Great move, Apple. Standard, boilerplate copyright text. You're keeping my mom from learning Pages 2. I'm sure that's what your lawyers had in mind, right?

There are some books on Pages available on Amazon, but nothing (yet) available that is specific to Pages 2. I'm thinking I should write to Apple to request written permission to make a copy of the manual. Whaddya think? Also, she needs some clip art, but I am not really happy with any of the collections I've seen, and so could use some advice for how to find her a nice collection of clip art to use in newsletters.

Friday, April 21, 2006

More Hodgson

This morning I am serving a special role as the guy who can get our software to fail. We have an intermittent bug and two engineers have been trying to get it to fail the same way it fails for me. They just tried it five or six times and were unable to get it to fail. Finally they asked me to come do the same thing. I did the exact same actions, and it failed for me immediately! I guess I can bias the collapse of the probability wave function towards failure. A useful skill for a software engineer!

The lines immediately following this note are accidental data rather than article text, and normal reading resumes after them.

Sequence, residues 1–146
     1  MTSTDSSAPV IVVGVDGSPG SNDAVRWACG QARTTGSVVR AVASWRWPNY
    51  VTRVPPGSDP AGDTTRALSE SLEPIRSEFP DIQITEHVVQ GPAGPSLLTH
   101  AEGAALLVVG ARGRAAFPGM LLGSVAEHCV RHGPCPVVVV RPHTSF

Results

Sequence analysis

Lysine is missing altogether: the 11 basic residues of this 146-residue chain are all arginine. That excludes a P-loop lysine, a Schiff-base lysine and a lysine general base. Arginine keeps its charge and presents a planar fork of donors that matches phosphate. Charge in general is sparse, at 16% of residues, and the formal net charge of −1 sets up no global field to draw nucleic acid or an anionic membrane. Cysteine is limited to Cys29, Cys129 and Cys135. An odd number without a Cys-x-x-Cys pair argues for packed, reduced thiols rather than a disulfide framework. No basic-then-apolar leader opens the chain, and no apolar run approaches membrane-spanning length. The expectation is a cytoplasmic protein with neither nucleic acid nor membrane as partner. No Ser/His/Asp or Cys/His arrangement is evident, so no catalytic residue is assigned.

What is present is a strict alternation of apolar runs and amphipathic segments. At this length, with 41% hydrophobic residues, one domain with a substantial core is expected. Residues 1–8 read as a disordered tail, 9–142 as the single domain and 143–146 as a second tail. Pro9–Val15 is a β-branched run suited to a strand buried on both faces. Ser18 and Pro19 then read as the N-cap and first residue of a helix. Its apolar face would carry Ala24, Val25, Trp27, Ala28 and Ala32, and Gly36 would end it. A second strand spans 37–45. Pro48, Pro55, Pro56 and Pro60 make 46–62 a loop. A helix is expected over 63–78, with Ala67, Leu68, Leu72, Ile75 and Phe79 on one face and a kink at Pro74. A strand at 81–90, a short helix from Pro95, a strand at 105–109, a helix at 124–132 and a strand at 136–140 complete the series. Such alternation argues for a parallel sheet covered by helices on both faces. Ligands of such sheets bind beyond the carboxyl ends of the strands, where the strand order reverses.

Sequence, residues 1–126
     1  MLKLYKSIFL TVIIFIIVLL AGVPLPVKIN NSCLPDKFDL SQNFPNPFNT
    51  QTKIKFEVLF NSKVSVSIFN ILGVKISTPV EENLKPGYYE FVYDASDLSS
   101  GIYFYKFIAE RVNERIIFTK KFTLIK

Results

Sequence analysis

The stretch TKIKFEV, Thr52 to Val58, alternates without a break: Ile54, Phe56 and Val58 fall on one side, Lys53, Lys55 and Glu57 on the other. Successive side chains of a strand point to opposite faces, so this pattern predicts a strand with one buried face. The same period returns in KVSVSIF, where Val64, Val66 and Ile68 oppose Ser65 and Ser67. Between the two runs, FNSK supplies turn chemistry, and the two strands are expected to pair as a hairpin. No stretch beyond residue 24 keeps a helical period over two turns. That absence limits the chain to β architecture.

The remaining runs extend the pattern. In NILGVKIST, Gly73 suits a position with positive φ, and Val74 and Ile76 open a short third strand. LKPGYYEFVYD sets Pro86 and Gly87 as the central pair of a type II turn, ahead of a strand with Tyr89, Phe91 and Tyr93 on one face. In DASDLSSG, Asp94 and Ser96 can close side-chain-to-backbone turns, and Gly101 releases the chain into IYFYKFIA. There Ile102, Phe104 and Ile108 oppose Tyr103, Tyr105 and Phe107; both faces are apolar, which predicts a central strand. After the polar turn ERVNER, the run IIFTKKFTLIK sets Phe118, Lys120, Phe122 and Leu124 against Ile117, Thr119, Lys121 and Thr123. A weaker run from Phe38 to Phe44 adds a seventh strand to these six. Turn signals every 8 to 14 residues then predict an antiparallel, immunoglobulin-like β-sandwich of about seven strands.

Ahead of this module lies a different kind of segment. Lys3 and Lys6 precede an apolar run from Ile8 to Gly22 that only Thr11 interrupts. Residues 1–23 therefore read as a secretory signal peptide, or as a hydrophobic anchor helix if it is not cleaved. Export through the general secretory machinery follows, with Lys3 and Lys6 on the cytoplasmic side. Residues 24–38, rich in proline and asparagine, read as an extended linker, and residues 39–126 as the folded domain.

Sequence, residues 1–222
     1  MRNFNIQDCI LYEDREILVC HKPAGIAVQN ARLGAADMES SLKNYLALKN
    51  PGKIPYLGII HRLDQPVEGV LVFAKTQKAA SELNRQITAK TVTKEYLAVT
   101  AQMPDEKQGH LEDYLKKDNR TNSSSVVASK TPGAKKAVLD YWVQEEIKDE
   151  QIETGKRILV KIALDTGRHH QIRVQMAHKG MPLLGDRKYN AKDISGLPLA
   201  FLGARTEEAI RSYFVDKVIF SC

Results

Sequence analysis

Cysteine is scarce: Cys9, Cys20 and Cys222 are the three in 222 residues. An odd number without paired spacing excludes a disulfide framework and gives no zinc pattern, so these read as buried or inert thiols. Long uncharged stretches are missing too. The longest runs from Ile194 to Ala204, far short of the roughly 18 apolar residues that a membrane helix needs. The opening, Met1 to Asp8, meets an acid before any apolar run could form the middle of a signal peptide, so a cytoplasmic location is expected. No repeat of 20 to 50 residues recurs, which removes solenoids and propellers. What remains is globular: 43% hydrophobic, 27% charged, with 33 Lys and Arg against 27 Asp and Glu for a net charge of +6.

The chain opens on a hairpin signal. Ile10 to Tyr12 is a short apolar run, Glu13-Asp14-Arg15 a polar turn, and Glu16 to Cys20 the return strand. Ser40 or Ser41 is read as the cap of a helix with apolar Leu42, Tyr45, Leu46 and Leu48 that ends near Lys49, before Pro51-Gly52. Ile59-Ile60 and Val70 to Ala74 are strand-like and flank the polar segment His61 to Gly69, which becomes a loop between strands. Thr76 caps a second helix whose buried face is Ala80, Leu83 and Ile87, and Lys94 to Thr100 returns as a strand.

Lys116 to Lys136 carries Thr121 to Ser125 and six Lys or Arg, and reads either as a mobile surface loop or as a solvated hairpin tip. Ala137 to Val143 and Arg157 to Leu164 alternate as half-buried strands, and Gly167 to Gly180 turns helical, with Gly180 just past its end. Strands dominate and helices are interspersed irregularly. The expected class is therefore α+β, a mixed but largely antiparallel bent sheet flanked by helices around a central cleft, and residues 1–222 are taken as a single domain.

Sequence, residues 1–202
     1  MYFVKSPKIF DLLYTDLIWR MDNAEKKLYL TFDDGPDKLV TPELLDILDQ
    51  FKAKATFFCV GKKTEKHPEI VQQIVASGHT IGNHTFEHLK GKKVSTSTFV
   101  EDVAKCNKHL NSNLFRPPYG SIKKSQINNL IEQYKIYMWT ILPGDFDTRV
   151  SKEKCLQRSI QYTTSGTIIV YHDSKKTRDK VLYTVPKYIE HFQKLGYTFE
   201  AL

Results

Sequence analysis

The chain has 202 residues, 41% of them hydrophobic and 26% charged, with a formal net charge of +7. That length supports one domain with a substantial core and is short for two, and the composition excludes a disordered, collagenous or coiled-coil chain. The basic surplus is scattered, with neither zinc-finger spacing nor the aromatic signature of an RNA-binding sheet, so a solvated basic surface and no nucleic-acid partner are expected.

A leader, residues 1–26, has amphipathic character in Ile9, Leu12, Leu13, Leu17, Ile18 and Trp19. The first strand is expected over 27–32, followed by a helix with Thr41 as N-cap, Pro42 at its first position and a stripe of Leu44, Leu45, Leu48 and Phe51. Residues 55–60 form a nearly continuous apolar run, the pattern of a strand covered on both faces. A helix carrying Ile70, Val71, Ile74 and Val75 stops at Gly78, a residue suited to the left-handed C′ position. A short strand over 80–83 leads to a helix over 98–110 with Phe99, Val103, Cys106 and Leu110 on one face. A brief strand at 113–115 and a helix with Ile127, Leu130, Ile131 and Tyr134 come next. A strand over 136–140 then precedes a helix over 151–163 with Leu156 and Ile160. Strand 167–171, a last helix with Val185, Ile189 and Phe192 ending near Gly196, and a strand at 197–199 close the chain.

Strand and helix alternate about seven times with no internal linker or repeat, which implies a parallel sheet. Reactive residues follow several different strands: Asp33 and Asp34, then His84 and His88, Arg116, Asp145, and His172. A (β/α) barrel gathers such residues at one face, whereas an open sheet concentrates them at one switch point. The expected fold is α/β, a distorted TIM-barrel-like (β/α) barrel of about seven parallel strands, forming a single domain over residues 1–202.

I got a treat from Amazon yesterday... three more volumes of the _Collected Fiction of William Hope Hodgson_. I'm now missing only Volume 5, which I think may not have been printed yet.

The whole set has the same handsome midnight-blue covers and silver embossed artwork. It is slightly disappointing that the artwork for each of the volumes is the same, although the section headings vary slightly -- there are different mysterious figures floating around on the same background. The typography and printing are of the same excellent quality. One of the volumes is, strangely, slightly wider than the others, but only by a fraction of an inch, so this is only noticeable when they are lined up together. I am looking forward to eventually having some nice shelves in our living room where I can display some of my more attractive books. These will definitely be there!